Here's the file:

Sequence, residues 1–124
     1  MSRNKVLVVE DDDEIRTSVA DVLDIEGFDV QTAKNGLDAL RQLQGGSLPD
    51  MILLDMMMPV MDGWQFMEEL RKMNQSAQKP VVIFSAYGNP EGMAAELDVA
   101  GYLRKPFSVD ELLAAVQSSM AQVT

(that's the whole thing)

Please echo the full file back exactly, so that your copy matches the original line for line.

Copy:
Sequence, residues 1–124
     1  MSRNKVLVVE DDDEIRTSVA DVLDIEGFDV QTAKNGLDAL RQLQGGSLPD
    51  MILLDMMMPV MDGWQFMEEL RKMNQSAQKP VVIFSAYGNP EGMAAELDVA
   101  GYLRKPFSVD ELLAAVQSSM AQVT